The internet of concerts

Online – that’s where the music is nowadays.

The internet, as it turns out, is a powerful tool – whether you’re a no play, no pay musician trying to make ends meet in a new way, or an artist who has the privilege of playing to raise funds for other people.

Singer-songwriter Martin Riggs, an artist signed with label O/C Records, has also had to face a blanket cancellation of gigs since the lockdown was imposed. The last gig he played was on March 9, but the day after that, all the shows he had lined up were cancelled. As the leader of the Busking Community PH and a busker himself, he also made the call to urge his fellow street musicians to stay home.

From home, Martin has been busy coming up with new music – and the internet is allowing him to get playful with it. While stuck at home, he’s taken to Instagram to do live videos and engage his followers in writing new songs on the spot. He is also keeping busy as the A&R for O/C Records, which is another thing that helps him keep a steady income even as he has been unable to play on the streets.

Unlike the displaced puesto musicians, there’s no pressing financial need for Martin to keep performing – but that doesn’t mean he’ll stop. His label is currently planning an online concert (“O/C”), that people can view from the safety of their own homes.

In very depressing and dark times, parang kailangan ata ng tao ng music and entertainment. Yun yung point ng entertainment eh, to entertain, especially at the point na walang entertaining na nangyayari – may bulkan na puputok, may bird flu, may nCov, may gobyernong hindi nagiisip ng maayos,” Martin said.

(In very depressing and dark times, it seems that people need music and entertainment. That’s the point of entertainment, to entertain, especially at the point when nothing entertaining is going on anymore. There’s a volcano that explodes, bird flu, nCoV, there’s a government that isn’t thinking straight.)

Ang daming nangyayari eh, so parang kahit man lang tugtugan lang from their favorite artists, just to give hope na ‘uy may music pa,’ ‘uy may kalayaan pa somewhere out there,’” he added.

(So many things are happening, so even a small jam from their favorite artists can give hope, as if to say ‘hey, there’s still music,’ ‘hey, there’s still freedom somewhere out there.’)

Aside from providing entertainment, many artists have recently been using their music to raise funds for those most in need – from daily wage earners who have lost their income, to vulnerable urban poor communities, to frontliners and healthcare workers in need of supplies.

Music as relief

The first of these efforts came from National Artist for Music Ryan Cayabayab, who announced a series of online concerts called Bayanihan Musikahan, where musicians livestream performances on Facebook while encouraging people to donate towards food and health kits for the urban poor.

So far, the likes of Sponge Cola and Ebe Dancel have already performed – and even more are on the line up.

In a single online show, Matteo Guidicelli’s initiative One Voice Pilipinas raised over P4 million for families affected by the Luzon Lockdown, with the likes of Kean Cipriano, Janine Tenoso, Jason Dy, and Sarah Geronimo performing.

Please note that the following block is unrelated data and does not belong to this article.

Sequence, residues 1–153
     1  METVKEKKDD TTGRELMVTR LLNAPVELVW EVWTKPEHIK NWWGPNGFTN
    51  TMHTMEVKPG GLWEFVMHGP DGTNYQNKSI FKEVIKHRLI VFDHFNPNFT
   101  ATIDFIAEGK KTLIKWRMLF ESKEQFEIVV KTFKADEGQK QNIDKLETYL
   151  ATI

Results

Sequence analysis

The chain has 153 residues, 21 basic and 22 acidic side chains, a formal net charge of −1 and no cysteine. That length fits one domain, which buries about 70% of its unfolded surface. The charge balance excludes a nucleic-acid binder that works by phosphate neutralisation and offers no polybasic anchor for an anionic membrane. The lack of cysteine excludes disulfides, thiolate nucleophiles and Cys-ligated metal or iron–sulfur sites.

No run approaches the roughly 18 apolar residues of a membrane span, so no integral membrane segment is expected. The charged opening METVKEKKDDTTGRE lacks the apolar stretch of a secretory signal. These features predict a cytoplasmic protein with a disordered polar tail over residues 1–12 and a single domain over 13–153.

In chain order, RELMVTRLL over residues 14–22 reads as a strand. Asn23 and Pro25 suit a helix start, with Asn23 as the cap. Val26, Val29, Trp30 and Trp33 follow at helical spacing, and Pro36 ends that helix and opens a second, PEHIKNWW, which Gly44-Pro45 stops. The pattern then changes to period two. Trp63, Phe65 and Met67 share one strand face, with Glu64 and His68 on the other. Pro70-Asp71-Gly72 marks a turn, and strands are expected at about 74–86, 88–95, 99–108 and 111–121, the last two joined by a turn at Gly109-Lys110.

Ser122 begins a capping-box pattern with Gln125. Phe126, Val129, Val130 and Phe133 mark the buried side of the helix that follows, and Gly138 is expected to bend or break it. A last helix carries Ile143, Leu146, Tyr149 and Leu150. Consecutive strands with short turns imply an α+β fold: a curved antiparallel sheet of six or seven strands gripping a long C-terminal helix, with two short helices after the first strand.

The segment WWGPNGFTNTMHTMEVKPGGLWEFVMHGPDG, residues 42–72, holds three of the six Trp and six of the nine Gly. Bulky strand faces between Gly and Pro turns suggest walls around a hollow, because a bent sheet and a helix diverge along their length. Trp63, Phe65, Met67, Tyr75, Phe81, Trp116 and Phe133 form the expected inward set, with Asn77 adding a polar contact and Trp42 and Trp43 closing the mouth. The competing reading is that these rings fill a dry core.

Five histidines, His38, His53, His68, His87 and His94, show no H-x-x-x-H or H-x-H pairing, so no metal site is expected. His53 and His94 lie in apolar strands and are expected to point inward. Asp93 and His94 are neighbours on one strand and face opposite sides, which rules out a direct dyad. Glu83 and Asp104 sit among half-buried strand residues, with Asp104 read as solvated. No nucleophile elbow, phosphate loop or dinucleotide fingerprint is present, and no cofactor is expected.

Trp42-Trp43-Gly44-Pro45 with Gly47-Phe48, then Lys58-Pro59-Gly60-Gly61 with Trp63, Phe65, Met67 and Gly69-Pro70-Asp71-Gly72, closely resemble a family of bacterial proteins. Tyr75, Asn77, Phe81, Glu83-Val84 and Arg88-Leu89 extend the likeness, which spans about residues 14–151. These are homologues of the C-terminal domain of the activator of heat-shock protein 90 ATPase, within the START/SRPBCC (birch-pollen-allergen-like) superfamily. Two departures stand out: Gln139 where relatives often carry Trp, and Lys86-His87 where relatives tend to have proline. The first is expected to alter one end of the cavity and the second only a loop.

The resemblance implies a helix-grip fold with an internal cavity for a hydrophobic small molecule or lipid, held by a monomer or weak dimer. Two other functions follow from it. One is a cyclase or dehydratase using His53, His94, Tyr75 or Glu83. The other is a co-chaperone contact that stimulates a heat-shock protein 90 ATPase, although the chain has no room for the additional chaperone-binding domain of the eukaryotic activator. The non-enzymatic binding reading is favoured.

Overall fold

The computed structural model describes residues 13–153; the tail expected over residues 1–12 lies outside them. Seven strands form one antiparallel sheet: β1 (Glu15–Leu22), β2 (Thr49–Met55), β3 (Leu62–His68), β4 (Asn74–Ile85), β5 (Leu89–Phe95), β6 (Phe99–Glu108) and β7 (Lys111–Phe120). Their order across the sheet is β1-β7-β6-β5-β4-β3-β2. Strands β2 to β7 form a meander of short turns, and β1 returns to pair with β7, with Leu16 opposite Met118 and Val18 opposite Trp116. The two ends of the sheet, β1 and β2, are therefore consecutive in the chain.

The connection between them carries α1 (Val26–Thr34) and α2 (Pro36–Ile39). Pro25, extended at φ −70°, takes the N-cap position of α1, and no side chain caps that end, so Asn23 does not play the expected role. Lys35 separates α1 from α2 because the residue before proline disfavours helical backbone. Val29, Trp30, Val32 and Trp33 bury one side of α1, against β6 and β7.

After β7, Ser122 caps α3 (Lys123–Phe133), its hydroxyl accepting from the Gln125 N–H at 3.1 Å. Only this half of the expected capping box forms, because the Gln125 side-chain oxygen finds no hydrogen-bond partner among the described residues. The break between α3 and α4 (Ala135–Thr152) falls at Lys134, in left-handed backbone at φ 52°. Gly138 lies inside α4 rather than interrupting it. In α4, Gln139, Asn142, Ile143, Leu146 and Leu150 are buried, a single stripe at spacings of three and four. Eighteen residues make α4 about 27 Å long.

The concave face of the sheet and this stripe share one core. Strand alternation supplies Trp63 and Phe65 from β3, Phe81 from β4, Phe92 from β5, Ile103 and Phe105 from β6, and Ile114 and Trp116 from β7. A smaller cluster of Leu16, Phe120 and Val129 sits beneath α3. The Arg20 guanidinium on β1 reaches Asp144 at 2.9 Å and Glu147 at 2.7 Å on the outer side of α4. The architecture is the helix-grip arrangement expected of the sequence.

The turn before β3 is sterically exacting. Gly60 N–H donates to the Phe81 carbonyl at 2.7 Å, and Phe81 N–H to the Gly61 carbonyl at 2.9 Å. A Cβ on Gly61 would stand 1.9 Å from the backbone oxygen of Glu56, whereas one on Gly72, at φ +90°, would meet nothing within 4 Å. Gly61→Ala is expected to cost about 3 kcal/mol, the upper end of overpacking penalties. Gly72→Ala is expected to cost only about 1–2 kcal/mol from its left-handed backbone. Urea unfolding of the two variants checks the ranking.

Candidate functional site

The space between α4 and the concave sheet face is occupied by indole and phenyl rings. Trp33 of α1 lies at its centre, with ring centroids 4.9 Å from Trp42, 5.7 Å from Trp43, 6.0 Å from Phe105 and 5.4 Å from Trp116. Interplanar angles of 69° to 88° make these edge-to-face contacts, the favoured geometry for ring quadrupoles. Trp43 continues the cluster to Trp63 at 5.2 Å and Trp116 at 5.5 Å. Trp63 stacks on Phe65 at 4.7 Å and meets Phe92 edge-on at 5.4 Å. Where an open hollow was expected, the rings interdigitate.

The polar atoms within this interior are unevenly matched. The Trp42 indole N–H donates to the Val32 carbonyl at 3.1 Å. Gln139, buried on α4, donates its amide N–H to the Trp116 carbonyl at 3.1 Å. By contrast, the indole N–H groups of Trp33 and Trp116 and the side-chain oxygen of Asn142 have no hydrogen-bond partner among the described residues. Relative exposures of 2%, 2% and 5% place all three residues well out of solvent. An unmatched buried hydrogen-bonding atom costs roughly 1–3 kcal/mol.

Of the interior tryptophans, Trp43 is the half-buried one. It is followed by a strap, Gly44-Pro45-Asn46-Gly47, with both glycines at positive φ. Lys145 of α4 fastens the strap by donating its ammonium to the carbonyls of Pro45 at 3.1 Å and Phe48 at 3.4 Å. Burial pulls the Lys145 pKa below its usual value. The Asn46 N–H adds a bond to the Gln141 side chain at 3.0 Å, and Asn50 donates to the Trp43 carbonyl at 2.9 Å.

Ben&Ben also announced on March 22 that they would be holding an online show to raise funds to purchase supplies for frontline heathcare works and relief goods for daily wage earners.

New platform

Watching a performer on a live stream is obviously not the same as attending a gig or a concert. The music comes across differently, and technical problems abound, especially with laggy connections. But many people who have tuned in did so seeking a small sense of comfort – and found it.

“Although we are all quarantined and forced to stay in our homes which we should all be doing in my opinion…I am not alone, and I want you to know, ikaw na nanonood, hindi ka nagiisa (you there, watching, you aren’t alone). You have me, you have me tonight,” Ebe said when he performed in the first round of Bayanihan Musikahan concerts.

At some point in his performance, he stopped to point out just how different it is to take his performance off the stage and online: “This is so strange, performing in front of 34,000 people tapos walang pumapalakpak (and no one’s applauding).”

The applause, it seems, now comes in the form of comments – through which listeners are able to fully express what the performance means to them.

“Thank you sir, this is the best night ever since lockdown po,” one fan responded as Ebe played one of his signature songs, “Burnout.”

“Was so down today, thanks for comforting us with your music,” another viewer said as he played “Cuida.”

The world has changed so drastically in the span of a few weeks – and like everyone else, the music industry has been hit hard by this shift. But there is a comfort to be had in knowing that while the streets may now be eerily silent, that’s about as far as the silence reaches.

Whether they’re playing for a living or to raise funds for coronavirus relief, the point is Filipino artists are still playing – and they’re showing no signs of stopping. –

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Amanda T. Lago

After avoiding long-term jobs in favor of travelling the world, Amanda finally learned to commit when she joined Rappler in July 2017. As a lifestyle and entertainment reporter, she writes about music, culture, and the occasional showbiz drama. She also hosts Rappler Live Jam, where she sometimes tries her best not to fan-girl on camera.